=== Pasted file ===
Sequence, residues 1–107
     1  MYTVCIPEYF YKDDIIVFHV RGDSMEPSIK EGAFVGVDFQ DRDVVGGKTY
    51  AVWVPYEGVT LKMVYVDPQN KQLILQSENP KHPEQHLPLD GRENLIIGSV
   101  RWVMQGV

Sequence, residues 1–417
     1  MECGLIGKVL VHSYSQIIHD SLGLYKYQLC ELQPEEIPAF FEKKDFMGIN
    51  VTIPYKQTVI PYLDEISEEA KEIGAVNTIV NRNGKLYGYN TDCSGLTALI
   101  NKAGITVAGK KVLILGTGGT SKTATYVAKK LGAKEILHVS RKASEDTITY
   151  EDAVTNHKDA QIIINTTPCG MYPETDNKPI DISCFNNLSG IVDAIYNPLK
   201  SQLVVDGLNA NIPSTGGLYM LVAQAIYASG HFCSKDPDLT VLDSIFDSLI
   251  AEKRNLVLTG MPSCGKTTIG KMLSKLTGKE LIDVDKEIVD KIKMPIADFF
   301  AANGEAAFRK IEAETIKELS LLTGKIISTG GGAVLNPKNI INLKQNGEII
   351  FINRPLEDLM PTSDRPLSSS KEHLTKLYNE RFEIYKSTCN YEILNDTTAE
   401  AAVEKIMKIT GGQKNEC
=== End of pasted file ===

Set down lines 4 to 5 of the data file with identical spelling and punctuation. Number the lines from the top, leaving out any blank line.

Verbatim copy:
   101  RWVMQGV

Sequence, residues 1–417